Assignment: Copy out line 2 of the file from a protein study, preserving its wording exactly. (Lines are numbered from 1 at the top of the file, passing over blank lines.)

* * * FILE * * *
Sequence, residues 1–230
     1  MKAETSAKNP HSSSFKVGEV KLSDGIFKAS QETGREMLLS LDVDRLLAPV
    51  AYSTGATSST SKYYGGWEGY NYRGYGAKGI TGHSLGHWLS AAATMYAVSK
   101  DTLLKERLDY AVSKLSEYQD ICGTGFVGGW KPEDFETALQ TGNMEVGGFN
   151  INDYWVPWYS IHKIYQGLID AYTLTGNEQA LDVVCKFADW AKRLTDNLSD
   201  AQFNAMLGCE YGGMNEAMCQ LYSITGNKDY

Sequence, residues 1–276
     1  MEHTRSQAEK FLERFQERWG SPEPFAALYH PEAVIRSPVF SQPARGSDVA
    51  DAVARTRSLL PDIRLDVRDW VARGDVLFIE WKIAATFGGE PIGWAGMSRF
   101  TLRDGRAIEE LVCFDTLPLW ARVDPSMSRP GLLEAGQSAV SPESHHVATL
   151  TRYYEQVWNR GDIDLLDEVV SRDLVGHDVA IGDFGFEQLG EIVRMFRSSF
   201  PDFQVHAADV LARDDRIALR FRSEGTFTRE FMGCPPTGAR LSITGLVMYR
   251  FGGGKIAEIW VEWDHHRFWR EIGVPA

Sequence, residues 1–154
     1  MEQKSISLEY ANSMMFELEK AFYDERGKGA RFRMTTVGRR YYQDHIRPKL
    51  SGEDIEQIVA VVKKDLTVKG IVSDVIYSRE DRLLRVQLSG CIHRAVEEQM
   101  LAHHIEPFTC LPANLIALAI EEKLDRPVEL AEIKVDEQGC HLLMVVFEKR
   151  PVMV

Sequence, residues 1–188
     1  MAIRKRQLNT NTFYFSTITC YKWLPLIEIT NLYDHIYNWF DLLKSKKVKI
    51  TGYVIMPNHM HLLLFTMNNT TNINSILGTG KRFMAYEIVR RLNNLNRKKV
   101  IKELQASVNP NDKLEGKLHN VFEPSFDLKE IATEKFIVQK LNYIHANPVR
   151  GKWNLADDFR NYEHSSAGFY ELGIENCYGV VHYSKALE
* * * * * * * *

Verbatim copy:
     1  MKAETSAKNP HSSSFKVGEV KLSDGIFKAS QETGREMLLS LDVDRLLAPV